Elinor D. Borders was born in Tarnov, Nebraska and began a life in Omaha after high school. Her rural upbringing sparked a keen interest in gardening as an adult. “She was a real gardener and had a harvest like none-other,” Elinor’s niece, Deb Miller, recalled.
Elinor also was a talented seamstress and worked past the age of 90, altering tuxedos for a local business. “She loved sewing,” Miller said.
As a child, Miller remembers her Aunt Elinor would always keep her imagination fueled when she came to visit. She has fond memories of playing with her wooden sewing spools. When Elinor worked in real estate, she used to love the tablets made of scraps of paper and pencils she received.
Those who knew Elinor during her 106 years of life will never forget her caring and giving spirit. “She always wanted to hear about how you and your family were doing, and she always wanted to share something with you before you left her house. Even if it was just a couple of tomatoes,” Miller said.
Her ability to find humor in life’s day-to-day challenges leaves a lasting smile. Elinor was an independent woman “before it was cool,” according to Miller. She will never forget the story about when she had trouble getting a new table to fit in her vehicle.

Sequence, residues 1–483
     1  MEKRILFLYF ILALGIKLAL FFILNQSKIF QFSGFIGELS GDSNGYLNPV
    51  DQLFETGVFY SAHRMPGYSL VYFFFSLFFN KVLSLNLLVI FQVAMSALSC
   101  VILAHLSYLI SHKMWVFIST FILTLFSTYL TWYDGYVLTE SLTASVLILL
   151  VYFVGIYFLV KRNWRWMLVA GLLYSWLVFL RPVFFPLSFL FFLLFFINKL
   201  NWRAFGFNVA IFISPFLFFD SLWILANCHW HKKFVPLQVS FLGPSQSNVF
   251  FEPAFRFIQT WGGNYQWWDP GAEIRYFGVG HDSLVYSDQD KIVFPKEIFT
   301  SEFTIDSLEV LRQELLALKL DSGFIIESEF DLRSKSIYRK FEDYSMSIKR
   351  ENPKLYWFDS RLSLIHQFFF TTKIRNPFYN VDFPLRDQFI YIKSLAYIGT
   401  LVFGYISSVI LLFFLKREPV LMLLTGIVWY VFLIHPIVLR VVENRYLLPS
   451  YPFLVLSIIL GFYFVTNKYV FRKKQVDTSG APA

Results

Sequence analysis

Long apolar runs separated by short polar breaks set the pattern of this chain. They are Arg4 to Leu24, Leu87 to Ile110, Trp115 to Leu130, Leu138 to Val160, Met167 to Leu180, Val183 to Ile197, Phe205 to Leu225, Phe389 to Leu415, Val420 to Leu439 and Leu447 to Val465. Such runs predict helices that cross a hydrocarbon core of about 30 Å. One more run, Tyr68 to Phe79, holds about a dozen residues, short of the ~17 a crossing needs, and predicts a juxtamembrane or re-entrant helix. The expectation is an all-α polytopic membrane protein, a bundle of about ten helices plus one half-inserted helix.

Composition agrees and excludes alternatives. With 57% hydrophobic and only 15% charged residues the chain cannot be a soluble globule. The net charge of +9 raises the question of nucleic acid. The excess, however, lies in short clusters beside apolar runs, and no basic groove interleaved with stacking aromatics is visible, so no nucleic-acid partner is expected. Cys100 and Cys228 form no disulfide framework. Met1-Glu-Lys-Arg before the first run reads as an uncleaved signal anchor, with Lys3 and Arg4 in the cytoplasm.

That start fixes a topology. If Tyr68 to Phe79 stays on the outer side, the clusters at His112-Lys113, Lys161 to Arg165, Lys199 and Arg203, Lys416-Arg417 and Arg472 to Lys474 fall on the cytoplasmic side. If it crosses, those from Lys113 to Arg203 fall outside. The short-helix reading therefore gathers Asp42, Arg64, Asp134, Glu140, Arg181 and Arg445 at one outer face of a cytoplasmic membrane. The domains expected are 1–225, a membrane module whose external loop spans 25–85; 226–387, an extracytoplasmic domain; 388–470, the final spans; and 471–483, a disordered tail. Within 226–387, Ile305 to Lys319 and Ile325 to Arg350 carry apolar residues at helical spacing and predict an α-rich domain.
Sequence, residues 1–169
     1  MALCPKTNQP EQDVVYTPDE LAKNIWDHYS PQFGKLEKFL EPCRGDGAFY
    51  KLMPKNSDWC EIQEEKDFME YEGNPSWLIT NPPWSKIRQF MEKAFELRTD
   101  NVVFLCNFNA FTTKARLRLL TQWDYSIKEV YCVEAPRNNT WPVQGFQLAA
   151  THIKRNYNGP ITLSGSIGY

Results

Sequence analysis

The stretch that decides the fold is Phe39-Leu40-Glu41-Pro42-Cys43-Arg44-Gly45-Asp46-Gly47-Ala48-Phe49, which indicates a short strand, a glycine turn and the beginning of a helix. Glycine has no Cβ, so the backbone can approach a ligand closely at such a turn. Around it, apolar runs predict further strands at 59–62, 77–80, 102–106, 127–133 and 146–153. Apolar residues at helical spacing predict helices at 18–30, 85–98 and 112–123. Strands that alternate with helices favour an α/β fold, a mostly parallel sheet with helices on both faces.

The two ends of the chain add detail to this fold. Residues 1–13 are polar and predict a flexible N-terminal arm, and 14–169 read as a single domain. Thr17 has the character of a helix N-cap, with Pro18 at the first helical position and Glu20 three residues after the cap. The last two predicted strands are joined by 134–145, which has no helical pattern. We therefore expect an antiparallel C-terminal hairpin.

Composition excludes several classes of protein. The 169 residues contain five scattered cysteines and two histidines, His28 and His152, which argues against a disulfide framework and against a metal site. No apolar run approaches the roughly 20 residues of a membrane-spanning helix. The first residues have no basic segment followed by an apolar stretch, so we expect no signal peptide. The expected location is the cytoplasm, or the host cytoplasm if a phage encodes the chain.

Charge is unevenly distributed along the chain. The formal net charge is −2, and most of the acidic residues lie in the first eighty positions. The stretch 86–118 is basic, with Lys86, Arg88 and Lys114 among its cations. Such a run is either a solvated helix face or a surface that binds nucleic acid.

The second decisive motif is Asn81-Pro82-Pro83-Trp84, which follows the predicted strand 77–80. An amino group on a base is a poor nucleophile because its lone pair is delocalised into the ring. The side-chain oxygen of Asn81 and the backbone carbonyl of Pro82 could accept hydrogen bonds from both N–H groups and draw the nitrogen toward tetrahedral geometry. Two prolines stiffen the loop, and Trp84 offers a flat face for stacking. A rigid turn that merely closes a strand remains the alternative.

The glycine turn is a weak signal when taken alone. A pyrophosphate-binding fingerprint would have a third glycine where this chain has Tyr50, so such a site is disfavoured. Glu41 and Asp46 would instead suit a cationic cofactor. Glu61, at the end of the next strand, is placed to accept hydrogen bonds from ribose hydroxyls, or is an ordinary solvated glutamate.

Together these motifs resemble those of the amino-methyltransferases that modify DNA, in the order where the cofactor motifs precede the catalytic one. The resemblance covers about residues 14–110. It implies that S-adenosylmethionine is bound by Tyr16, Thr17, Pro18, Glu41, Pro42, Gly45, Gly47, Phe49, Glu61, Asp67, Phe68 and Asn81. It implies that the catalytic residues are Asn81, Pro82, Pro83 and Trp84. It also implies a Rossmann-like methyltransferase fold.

“They had a saw with them for some reason, and she sawed off the leg of the table to be able to shut the trunk. When they got home, they put metal braces on it and nailed it back together,” Miller said. “I have a pottery business, and I still glaze on that table. She gave it to me when she moved out of her home and said, ‘This is for you.’ She knew I loved that story and loved the table just the way it is.”
Elinor enjoyed playing cards and was always up for a game of pinochle under one condition. “She would always check to see which way the bathtub was before a card game,” Miller said with a smile. “It was an old wives’ tale that you would have better luck during the card game if you sat across from your partner the same direction the bathtub went.”
Elinor’s life was well-lived, well-laughed and she saw a lot of history unfold. She also made countless memories that live on through the stories.
Her death from COVID-19 was heartbreaking for family members. They did not have an opportunity to be by her side when she died or say goodbye due to safety restrictions.
“106 is a long time to live, and she had a full life, but it still wasn’t easy. For something to take her, you would not have wanted that to be what it was,” Miller said.
Her large circle of family and friends, who lined up to see Elinor on her 100th birthday, will not soon forget Elinor and miss laughing alongside her.
She is survived by her sister, Lillian Chochon; sister-in-law, Joan Chochon; three grandchildren; many nieces and nephews; great-nieces and nephews; and many friends.
She was preceded in death by her son, Robert; parents, Joseph and Victoria Chochon; two brothers, Cliff (Rose Marie) and Alvin; sisters, Florence Schomaker (Arthur), Alvina Shumacher (Harold), Regina Andel (Ralph), Viola Cahill (John) and Mildred Martens (Edward).